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Looking back on the Rampage as Year 5 begins

by Andrew Monaco || AHL On The Beat Archive

sa_200.jpgThe fifth season of the San Antonio Rampage may be the most anticipated season for the American Hockey League squad. And while we look ahead to the team’s drive in year five, you can’t help but look at what has been.

If any position has been showcased, it has been goaltending. From day one, goalies have been the backbone of the team. From the ultra-competitiveness of Chris Mason; to the ultra-maturity of Wade Flaherty; the seemingly-impenetrable Travis Scott; the desire of Karl Goehring; the persistence of Scott Stirling; to the look, demeanor and unflappability of David LeNeveu. Hands down, the netminders have been a treat to watch.
 
Rampage fans love their tough guys, and San Antonio has had its share. Let’s start with Rocky Thompson. Even though “The Rock” was here for a short time, he left a lasting impression. And even today, he admits he loved playing in South Texas. Then there is Joey Tetarenko, who wowed the crowd by playing hockey’s version of pinball.
 
Now I hope both of them will forgive me for this story. These two rough-and-tumble guys on the ice have hearts of gold off it — as it should be. Of course, my lasting impression of both guys is chasing and playing with their children at a holiday party. Physical on the ice and playful dads off.
 
Another player who was here for a short time but who made a long impact was T.J. Reynolds. He knew how to get the arena rocking, with a board-rocking check or a powerful punch. You even had to admire Grant McNeill, who backed down from no one. Recently, Chris “Big Mac” McAllister and Doug Doull patrolled the ice. I’ll never forget Martin Sonnenberg in the airport looking over and commenting, “Just look at Doug and, with that face, you just know he’s a hockey player.” Martin is right.
 
Yet it didn’t always have to be a fighter to get the building alive. Gritty and hard-nosed are just a couple of ways to describe Gregory Campbell and Greg Jacina. Rugged and determined, too. Was there anybody who got more out of his talent than David Gove? He made up for his perceived lack of size by outworking everybody. And night after night, former head coach John Torchetti would rave about Juraj Kolnik. Not for his goals, but for leading the team in hits time and again.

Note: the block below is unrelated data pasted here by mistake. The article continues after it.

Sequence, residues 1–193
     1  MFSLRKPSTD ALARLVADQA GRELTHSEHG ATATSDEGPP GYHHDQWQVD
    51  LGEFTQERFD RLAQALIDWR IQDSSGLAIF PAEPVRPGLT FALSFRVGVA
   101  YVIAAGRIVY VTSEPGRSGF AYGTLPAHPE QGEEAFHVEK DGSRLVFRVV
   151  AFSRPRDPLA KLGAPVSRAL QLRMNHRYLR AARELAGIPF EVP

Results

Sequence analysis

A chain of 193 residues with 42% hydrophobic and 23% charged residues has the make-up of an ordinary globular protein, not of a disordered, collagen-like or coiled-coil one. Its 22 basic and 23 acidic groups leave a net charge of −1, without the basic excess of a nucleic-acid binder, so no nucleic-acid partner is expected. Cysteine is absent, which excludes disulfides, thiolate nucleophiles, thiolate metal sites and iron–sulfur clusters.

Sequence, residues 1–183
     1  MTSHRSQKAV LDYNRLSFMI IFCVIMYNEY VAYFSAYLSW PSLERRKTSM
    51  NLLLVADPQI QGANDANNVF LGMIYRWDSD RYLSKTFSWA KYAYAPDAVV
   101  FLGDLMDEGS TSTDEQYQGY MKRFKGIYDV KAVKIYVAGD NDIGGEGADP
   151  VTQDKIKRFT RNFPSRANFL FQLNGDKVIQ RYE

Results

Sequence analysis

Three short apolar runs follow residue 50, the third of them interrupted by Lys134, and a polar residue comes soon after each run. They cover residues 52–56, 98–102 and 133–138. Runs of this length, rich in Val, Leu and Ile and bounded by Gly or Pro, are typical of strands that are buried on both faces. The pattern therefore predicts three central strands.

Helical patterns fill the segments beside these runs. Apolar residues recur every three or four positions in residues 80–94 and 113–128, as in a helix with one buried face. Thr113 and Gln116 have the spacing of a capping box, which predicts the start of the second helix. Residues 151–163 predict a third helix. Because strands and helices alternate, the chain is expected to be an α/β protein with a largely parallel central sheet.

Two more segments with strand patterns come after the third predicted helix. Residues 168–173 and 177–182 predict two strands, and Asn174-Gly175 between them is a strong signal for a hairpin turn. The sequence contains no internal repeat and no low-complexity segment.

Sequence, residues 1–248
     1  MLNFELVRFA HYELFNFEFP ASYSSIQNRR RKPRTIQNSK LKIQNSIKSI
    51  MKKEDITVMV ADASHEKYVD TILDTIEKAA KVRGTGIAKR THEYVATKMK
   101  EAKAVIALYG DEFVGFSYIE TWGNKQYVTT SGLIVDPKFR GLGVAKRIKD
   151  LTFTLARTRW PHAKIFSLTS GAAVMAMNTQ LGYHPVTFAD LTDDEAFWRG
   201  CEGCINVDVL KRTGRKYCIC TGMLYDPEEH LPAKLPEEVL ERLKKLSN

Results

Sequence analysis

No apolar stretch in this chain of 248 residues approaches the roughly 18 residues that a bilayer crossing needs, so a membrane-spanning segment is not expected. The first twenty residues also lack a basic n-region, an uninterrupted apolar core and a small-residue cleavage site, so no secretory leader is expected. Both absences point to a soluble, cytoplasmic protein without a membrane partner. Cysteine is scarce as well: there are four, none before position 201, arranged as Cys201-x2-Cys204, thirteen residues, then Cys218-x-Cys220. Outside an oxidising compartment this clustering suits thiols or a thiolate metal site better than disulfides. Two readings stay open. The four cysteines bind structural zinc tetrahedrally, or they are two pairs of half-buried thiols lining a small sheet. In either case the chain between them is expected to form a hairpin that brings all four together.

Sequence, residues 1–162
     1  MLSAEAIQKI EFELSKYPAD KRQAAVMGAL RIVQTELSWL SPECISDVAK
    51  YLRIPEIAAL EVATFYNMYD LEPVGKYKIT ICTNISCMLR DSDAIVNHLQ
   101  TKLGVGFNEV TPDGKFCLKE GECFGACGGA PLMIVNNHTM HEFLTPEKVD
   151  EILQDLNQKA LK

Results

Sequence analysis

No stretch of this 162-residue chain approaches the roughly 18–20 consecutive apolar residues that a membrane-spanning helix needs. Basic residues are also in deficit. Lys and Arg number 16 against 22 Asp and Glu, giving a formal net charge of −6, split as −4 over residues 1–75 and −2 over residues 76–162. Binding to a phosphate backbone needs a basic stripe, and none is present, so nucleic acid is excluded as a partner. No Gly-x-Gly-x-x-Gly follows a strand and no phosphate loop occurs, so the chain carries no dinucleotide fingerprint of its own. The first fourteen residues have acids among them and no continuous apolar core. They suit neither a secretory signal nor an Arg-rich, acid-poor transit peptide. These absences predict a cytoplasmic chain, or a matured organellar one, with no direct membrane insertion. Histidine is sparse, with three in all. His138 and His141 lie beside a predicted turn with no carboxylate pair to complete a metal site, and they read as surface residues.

Another trip down memory lane. Kristian Kudroc knocking someone to the ice. That didn’t stand out. It was the circumstances. See, the opponent (foolishly) made a run at Kudroc, attempted to deliver the check, only to bounce off Kudroc and fall to the ice. Victor Uchevatov is like that, too. As is Matthew Spiller. All could stop a skater in his tracks with a well-timed check.
 
For flair and creativity, the name Filip Novak comes to mind. And what about the instincts and wizardry of Michel Periard, especially at the point on the power play. Too small? Try too talented and a magician at that point position. Then there is the speed and power that Matt Jones possesses. It’s a combination that, hopefully, leads to a long NHL career.
 
No team would be complete without characters. Brendan Walsh was one of a kind when it came to that. The chirping was non-stop with Walsh, similar to the Cowboys’ Terrell Owens. Another guy who could hurt you with his stick, or his mouth, was Jim Campbell. Then there are Jarrod Skalde, Steve Passmore, Sonnenberg, Randall Gelech and Pascal Rheaume who you would want in the conversation, or to be around, for their wit and for their stories.
 
While the players may come and go, one constant remains — Rampage fans. No group is more giving, with their support for this team and for their causes. The passion that is displayed is not lost on the players. They have mentioned more than a few times how disappointed they have been not to reward the great fans. Oh, they notice the support. 
 
That passion turns into generosity whenever a jersey is up for auction. Whether honoring the bravery of the military, firefighters, service men and women or supporting the worthwhile charities in the Alamo City, the spirit and generosity of Rampage fans shines through. In the past four years, nearly $200,000 dollars have been raised, making this not a great place to play, but more importantly, a better place to live and a great place to play.
 
And that connection between city and player has been felt. Ask Serge Payer, who did his best to give back to his adopted community. Mike Green and Ryan Jardine are others who mentioned how much they love this city.
 
What we look forward to is the connection of San Antonio to the NHL. We had it briefly with the Florida Panthers, seeing Stephen Weiss, Jay Bouwmeester and Nathan Horton star in the league. As painful as the NHL lockout was to hockey fans, the AHL was the beneficiary with an abundance of NHL-caliber players playing right here.
 
Now the next step is to see who moves from the Rampage to the Phoenix Coyotes. The partnership seems to be strong, as evidenced by the Coyotes’ moves in the off-season. Phoenix made a strong run at the playoffs last year, coming up just short at the season’s conclusion. The Rampage are poised to make a postseason run, and hopefully more, this season. They look forward to returning to the Calder Cup playoffs after a three-year absence. That’s why this may be the most-anticipated season of them all.
 
It’s always fun to look back. Now it’s time to look ahead, at more memories in the making. It’s that time again. It’s time to drop the puck.

Andrew Monaco is the play-by-play voice of the San Antonio Rampage